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Bluetooth 3.0: Fast, Power-Sipping, and Coming Next Year to a Gadget Near You

The group in charge of the Bluetooth protocol unveiled the specifications of the next-generation of the technology, originally dubbed Bluetooth High Speed Technology and also labeled Bluetooth 3.0 HS. It’s completely back-compatible with the Bluetooth in your current phone or computer, but it’s much, much faster.

The group in charge of the Bluetooth protocol unveiled the specifications of the next-generation of the technology, originally dubbed Bluetooth High Speed Technology and also labeled Bluetooth 3.0 HS. It’s completely back-compatible with the Bluetooth in your current phone or computer, but it’s much, much faster.

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Bluetooth 2.0, for example, had data transfer speeds of just 2-to-3 megabits per second. The new specification adopts an additional Radio Protocol Adaption Layer, using 802.11 technology. That enables it to push data over the airwaves at up to 24 megabits per second–around 10 times faster than before. That should be sufficient to enable wireless fast-syncing of devices like iPods or smartphones, that were previously limited in this capability by the large size of music and video files and the relatively slow speed of transfer over Bluetooth 2.0. The Bluetooth Special Interest Group also suggests it’s powerful enough to “send video files from camera or phone to computer or television” and that implies you may be able to stream video to your portable media player from a host PC in real time.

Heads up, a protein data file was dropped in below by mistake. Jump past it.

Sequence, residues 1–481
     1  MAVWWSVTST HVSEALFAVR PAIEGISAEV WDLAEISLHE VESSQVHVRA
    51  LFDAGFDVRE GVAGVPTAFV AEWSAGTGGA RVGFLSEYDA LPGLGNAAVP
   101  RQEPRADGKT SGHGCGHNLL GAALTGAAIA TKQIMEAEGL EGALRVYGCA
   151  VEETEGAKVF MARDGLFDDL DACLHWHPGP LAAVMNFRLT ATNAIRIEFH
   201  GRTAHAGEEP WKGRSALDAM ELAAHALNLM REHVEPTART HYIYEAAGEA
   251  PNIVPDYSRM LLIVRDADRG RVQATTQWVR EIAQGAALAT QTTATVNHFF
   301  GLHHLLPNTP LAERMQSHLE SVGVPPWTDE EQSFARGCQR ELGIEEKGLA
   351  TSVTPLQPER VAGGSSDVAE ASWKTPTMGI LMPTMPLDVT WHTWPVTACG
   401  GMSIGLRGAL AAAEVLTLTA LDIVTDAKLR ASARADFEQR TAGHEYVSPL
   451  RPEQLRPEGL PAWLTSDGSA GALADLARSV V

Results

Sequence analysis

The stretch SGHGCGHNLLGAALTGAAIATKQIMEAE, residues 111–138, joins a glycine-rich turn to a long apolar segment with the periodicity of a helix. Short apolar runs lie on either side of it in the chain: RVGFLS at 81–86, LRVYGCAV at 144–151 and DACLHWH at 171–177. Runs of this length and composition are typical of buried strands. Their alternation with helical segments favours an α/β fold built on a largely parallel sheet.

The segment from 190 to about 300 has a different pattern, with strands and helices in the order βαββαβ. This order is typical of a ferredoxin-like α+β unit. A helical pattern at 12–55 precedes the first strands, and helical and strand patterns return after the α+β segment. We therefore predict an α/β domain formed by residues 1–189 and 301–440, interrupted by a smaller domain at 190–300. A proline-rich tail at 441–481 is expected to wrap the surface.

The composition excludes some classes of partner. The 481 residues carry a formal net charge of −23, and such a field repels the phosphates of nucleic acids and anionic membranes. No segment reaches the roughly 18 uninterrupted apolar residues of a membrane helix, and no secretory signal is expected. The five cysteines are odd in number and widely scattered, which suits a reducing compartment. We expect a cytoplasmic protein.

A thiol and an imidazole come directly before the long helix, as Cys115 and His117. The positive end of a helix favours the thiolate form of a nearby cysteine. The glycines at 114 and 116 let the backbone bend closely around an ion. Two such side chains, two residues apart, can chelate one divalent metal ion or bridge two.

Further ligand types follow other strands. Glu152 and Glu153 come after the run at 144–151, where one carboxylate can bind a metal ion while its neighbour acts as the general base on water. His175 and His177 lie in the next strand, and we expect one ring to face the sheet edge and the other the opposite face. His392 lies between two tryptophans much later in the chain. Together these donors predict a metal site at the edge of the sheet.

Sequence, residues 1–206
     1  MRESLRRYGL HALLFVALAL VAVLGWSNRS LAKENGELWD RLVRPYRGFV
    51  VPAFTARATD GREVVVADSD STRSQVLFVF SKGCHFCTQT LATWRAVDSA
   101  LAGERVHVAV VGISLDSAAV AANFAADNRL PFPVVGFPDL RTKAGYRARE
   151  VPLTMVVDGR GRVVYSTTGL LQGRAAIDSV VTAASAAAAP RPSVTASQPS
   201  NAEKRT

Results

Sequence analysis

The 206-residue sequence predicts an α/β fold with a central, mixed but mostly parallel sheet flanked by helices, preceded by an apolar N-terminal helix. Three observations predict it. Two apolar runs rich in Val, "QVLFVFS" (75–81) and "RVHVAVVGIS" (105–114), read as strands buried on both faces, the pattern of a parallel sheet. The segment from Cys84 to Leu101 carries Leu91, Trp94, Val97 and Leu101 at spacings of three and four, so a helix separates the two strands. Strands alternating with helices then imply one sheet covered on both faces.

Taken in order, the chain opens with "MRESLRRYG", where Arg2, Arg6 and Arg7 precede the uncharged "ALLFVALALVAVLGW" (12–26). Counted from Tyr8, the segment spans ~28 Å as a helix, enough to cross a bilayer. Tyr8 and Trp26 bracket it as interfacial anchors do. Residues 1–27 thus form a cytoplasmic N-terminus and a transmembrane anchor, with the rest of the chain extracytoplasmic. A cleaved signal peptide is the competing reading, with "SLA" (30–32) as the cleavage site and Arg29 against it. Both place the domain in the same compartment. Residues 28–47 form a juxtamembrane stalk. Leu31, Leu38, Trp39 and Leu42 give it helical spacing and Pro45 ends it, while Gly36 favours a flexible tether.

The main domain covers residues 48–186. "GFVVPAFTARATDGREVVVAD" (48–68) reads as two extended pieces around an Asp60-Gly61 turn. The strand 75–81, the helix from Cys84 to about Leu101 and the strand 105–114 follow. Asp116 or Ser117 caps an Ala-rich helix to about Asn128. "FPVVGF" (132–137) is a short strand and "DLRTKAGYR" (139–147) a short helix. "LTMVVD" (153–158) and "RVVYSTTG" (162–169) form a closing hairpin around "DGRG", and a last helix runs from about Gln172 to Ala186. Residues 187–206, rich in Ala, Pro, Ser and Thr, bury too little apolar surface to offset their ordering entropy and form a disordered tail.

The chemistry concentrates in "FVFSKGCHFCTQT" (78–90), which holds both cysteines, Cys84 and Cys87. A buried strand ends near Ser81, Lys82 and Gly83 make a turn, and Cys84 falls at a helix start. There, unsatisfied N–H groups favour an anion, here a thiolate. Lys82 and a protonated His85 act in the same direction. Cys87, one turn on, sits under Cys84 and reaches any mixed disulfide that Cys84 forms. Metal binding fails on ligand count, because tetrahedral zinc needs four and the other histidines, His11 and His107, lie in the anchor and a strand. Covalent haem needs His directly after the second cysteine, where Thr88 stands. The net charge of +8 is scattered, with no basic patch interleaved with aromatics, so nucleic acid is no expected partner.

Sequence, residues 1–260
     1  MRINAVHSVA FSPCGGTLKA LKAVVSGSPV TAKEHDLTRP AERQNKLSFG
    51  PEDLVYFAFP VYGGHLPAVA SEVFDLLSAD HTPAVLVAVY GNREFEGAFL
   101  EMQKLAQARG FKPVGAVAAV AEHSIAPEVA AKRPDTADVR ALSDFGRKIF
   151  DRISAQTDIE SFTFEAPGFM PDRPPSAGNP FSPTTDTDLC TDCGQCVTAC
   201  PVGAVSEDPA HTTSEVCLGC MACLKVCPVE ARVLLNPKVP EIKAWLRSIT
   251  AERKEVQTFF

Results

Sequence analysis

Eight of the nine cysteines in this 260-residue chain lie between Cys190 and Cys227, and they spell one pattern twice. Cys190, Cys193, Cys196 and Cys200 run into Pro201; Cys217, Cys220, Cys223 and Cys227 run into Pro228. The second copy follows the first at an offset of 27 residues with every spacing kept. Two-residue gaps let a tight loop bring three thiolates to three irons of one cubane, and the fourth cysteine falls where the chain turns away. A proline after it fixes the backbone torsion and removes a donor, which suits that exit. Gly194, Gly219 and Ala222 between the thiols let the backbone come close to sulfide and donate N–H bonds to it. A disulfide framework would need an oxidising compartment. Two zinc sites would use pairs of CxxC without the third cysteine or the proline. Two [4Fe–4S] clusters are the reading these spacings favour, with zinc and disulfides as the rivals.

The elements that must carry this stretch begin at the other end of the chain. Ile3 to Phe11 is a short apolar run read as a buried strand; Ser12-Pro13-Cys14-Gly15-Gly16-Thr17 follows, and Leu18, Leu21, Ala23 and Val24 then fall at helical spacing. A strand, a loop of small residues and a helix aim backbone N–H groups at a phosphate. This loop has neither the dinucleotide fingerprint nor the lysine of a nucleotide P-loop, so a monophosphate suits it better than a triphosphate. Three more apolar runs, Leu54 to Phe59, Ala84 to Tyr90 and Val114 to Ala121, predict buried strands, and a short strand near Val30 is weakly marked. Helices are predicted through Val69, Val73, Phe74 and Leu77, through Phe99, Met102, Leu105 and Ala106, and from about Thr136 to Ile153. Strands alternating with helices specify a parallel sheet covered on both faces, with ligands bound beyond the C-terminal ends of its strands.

Better yet, the new tech will deliver all this extra speed at little or no energy cost–devices that incorporate a Bluetooth 3.0 chip will be able to make use of its “advanced power control” which means it only sips at the battery’s energy supply when it absolutely has to. Plus there’s a system called “Unicast Connectionless Data” which suggests Bluetooth 3.0 devices will be capable of data “broadcasting,” a different method for connection than the existing paired master-slave set up. That could enable all sorts of clever device applications, like your cellphone detecting you’re at home, and auto-uploading to your PC any photos you’ve taken that day or music tracks you’ve downloaded on the fly. 

A number of companies are already at work on Bluetooth 3.0 hardware, so it’ll probably take around a year for it to appear in gadgets on the shelves. Sadly, however, there’s just one thing that the whizzy new Bluetooth 3 can’t do: Stop you from looking like a tool when you’re wearing a headset.

[via Arstechnica, BoyGeniusReport]

Related: Motorola Patents Suggest Advanced Bluetooth Headphones
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